• Focus on healing and re-engagement rather than punitive approaches towards grading, attendance, and school discipline.

Even before learning went online, the digital divide experienced by families of color impacted our children’s ability to learn. In recent weeks, great strides have been taken to connect young people with hot spots, computers, and internet access. Moving forward, digital access should be a universal and permanent right for every Californian, similar to other public utilities.


  • Declare access to internet and devices a basic educational right under the terms of the Williams Settlement and make these resources permanent, inclusive, and non-punitive;
  • Invest in digital infrastructure—in consultation with local communities—in rural regions and other areas in the state with barriers to digital access;
  • Ensure every student, family, and educator is supported and prepared to use technology to learn and teach from home.

With California schools through the transition to distance learning, it is time for the State to evaluate our progress and hold Districts accountable so that no students are left behind.


  • Conduct a statewide assessment to hear from students, families, and educators on how distance learning is rolling out and how districts are serving students most impacted by this crisis;
  • Share bright spots from the assessment for cross-district learning;
  • Take action to address districts and charters that are not meeting state equity obligations.

With students at home, Californians around the state are recognizing the vital and difficult job that teachers undertake every day. We need to channel this recognition to win policies and practices and recruit and retain fully prepared teachers and provide jobs with living wages, good benefits, and resources for ongoing learning and development.


  • Provide teachers with an adequate living wage, smaller class sizes, and support for social emotional health so that Districts can recruit and retain excellent educators that reflect the diversity of students;
  • Ensure teachers have the tools and training they need to feel safe and supported returning to the classroom;
  • Build on pre-COVID investments in teacher training and professional development;
    • Prevent the loss of teaching positions during forthcoming recession.

Schools are more than just places of learning. When the schools shut down, millions of families were cut off from their community and safety net overnight. For the health and vibrancy of all communities, now is the time to work creatively and collaboratively across systems to address long standing structural inequities—
first to meet the immediate needs of our community, and then to adopt policies which can repair and prevent further harm.


  • Safe and stable places for students to live. In addition to freezing evictions for tenants, families need relief from rental and mortgage payments, and emergency housing and services for more than 370,000 unhoused students across the state;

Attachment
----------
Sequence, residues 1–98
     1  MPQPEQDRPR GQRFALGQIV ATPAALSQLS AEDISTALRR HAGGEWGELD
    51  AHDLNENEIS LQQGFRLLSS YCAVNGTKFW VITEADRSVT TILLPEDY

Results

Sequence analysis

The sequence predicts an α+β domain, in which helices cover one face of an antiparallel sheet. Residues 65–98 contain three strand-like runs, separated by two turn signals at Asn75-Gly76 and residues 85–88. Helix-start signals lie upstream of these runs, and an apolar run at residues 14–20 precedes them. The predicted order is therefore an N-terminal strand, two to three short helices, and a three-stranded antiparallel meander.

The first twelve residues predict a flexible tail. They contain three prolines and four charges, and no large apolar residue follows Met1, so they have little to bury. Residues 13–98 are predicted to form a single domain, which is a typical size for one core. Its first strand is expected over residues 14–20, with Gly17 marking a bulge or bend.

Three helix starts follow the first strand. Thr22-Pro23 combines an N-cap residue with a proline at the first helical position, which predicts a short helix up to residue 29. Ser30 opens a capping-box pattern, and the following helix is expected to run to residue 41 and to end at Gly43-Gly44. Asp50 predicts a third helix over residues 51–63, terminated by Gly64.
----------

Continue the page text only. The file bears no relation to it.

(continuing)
• Repeal Proposition 209 and provide agencies the ability to use race-conscious strategies in creating a California for all;
  • Free, accessible testing and quality health care for all, regardless of immigration status, housing status or income, including for those who are incarcerated, detained or in group homes;
  • Ensuring all Californians can access paid leave and unemployment benefits regardless of their imigration status or workplace;
  • Relief for small businesses and community-based organizations;
  • Universal, free childcare, early learning, nutritional and financial
    resources for families with young children;
  • Keeping families together and reuniting those that have been separated by Incarceration, detention or face separation by threat of deportation.

Access to high quality early care and education creates a strong foundation for a lifetime of success. Policy and budget decisions must include high-quality early learning opportunities for our youngest students and address the needs of the early childhood education workforce, many of whom are low-wage earners and are serving children of color and Dual Language Learners.


  • Establish the Department of Early Childhood Development that includes an office of equity to collect and apply data by race to drive results and allocate dollars to improve child outcomes;
  • Protect and expand early care and education access through stability in payment for providers along with hazard pay;
  • Support the early learning workforce through developing specific competencies and funding professional development for those serving Dual Language Learners;
  • Ensure supports for the Family Child Care Home and Family Friends and Neighbor sector to school.

Though California is one of the wealthiest of the United States, we are in the bottom third of the nation in education funding. This insufficient commitment to funding public schools has serious repercussions including in this crisis. This is the moment for us to go all in and invest to fulfill the promises of real equity, opportunity, and justice in our public schools.


  • Pass the Schools and Communities First ballot initiative in November 2020;
  • Maintain school funding at pre-COVID levels, and protect supplemental and concentration grants in particular;
  • Apply an equity funding formula that prioritizes highest need students for all funding sources (federal, state, local) and protect LCFF and other funding for highest needs students and schools during budget reduction decisions;
  • Adopt a strategy for fully funding schools over the next 7 years beginning with Schools and Community First;
  • Use federal COVID-19 funds to supplement, not replace, state dollars to support a restorative approach to learning loss.

These 10 recommendations are based on the needs of students and families from our most impacted communities -- Black and Brown, rural, low-income, special education, English Learner and foster youth. Up and down California, we’ve listened to the needs of our students and families and are building together with them to ensure we pursue an education system that is built for us all.